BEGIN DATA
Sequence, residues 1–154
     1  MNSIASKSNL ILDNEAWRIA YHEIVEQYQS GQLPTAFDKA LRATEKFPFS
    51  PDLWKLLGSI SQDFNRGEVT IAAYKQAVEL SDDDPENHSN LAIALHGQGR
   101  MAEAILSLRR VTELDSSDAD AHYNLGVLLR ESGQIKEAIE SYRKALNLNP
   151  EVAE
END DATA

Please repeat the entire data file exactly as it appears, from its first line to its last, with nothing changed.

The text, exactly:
Sequence, residues 1–154
     1  MNSIASKSNL ILDNEAWRIA YHEIVEQYQS GQLPTAFDKA LRATEKFPFS
    51  PDLWKLLGSI SQDFNRGEVT IAAYKQAVEL SDDDPENHSN LAIALHGQGR
   101  MAEAILSLRR VTELDSSDAD AHYNLGVLLR ESGQIKEAIE SYRKALNLNP
   151  EVAE